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Winner: Non-Profit Organization: Save Our Seabirds Inc.

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  • | 4:00 a.m. June 29, 2011
Lee Fox, executive director
Lee Fox, executive director
  • Longboat Key
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Even when she isn’t at Save Our Seabirds Inc., Executive Director Lee Fox is still saving seabirds (and other birds). She gets a constant stream of injured birds at her home in Wimauma.

“It’s gotten to the point where my two days off are spent taking care of birds in Wimauma,” Fox said.
In the morning, she often brings six or seven birds from Wimauma to the City Island facility.

Fox began doing volunteer bird-rescue work in 1987 and founded Save Our Seabirds in 1990. She operated a facility in St. Petersburg and, later, out of her home in Wimauma, before re-opening the facility in 2008 in the former Pelican Man’s Bird Sanctuary.

At last count, Save Our Seabirds had at least 365 birds — most of which will be released after treatment but some of which have a permanent home at Save Our Seabirds because of their injuries.

“Every day, you come across a bird that you either took care of or is injured,” Fox said.

Bottom line
Save Our Seabirds

Location: 1708 Ken Thompson Parkway, City Island

Start date: Nov. 1, 2008, was the first date the facility was open to the public as Save Our Seabirds.

Number of employees when started: Two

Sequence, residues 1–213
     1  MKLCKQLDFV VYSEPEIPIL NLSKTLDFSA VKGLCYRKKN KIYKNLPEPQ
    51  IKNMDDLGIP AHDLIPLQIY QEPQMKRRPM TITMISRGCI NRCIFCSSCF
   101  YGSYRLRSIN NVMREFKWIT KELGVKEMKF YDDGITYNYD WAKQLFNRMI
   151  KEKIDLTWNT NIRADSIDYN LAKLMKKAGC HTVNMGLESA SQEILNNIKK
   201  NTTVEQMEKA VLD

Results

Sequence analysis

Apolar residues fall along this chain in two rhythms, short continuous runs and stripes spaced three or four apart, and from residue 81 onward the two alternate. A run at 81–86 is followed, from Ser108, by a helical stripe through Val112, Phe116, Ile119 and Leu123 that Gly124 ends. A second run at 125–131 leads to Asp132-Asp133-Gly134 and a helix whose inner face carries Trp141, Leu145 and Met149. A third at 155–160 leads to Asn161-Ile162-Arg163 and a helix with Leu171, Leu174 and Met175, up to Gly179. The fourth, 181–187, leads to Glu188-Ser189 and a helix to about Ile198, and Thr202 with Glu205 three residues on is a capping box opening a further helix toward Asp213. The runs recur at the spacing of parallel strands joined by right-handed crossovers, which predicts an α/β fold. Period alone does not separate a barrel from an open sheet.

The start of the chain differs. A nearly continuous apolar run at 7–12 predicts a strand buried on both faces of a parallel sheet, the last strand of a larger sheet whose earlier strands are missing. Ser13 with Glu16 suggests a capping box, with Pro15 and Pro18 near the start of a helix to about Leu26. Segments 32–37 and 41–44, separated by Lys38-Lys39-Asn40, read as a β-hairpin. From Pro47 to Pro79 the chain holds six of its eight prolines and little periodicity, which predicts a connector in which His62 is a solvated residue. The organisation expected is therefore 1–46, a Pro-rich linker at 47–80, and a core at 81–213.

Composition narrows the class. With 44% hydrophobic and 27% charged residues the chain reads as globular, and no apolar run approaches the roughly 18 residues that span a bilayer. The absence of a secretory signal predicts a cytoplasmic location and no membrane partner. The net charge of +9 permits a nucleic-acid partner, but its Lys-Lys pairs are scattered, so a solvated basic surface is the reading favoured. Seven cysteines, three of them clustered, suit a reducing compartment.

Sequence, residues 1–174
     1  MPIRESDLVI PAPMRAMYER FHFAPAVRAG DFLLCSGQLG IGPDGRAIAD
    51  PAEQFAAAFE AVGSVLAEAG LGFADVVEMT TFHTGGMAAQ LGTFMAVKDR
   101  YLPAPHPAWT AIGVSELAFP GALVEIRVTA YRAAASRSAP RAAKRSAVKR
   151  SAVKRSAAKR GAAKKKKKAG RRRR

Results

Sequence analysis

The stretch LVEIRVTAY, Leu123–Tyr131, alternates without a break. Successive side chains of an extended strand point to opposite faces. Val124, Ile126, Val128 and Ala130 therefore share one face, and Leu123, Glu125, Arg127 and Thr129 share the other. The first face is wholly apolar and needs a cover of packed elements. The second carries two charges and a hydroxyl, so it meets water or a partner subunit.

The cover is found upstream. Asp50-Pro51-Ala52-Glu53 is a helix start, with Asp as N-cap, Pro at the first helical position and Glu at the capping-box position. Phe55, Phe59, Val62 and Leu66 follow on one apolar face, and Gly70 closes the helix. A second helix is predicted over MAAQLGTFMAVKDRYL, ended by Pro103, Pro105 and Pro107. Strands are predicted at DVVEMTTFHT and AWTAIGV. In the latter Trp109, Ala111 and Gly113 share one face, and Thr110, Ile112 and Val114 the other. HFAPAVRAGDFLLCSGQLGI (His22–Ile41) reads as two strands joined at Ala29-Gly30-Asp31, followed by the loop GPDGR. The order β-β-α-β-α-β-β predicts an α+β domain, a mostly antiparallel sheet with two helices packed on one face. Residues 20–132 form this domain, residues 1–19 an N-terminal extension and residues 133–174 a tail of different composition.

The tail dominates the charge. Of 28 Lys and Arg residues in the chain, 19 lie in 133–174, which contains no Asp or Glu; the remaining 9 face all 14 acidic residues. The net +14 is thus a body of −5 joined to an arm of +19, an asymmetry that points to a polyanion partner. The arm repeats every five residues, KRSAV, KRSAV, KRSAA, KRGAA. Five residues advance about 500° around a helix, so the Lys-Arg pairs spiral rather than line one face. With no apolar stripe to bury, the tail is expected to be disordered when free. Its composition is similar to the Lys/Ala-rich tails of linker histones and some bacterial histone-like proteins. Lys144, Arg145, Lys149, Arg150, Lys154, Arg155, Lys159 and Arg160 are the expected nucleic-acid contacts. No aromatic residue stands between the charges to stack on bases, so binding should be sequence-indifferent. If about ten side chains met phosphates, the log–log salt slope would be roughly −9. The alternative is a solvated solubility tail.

Number of employees today: 13

First job: Save Our Seabirds Executive Director Lee Fox’s first job was being a wife and mother.

Something you wish you knew when you started: “As you grow, you never stop trying to learn,” Fox said. “I wish I knew then what I know now.”

Typical day: Fox is up by 3 a.m. to take care of the birds at her home and her dogs. At Save Our Seabirds, her day consists of checking on birds, discussing and evaluating protocols, maintaining therapy, constant triage and admitting as many as 15 birds in a single day.

Favorite way to spend a day off: Fox’s days off usually involve sick or injured birds, but she also enjoys time with her husband, Paul, four children and eight grandchildren.

Business idol: “My husband,” Fox said. “He’s not my business idol, he’s my idol, because he is so patient with me and he supports me 100%.”

Biggest challenge: Keeping up with new technologies and treatments. “For me, it’s a big challenge because it means constant reading, and I have little time.”

Where do you see your organization in five years? Save Our Seabirds is working on a five-year plan that includes a new hospital and educational facility.



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